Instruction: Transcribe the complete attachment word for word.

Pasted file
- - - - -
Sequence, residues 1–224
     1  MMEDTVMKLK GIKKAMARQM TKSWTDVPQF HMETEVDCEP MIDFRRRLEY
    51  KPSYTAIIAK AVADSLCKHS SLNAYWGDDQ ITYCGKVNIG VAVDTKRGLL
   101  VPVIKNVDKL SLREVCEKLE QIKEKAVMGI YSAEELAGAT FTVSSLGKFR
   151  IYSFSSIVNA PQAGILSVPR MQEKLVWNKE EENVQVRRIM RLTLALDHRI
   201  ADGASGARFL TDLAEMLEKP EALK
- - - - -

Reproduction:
Sequence, residues 1–224
     1  MMEDTVMKLK GIKKAMARQM TKSWTDVPQF HMETEVDCEP MIDFRRRLEY
    51  KPSYTAIIAK AVADSLCKHS SLNAYWGDDQ ITYCGKVNIG VAVDTKRGLL
   101  VPVIKNVDKL SLREVCEKLE QIKEKAVMGI YSAEELAGAT FTVSSLGKFR
   151  IYSFSSIVNA PQAGILSVPR MQEKLVWNKE EENVQVRRIM RLTLALDHRI
   201  ADGASGARFL TDLAEMLEKP EALK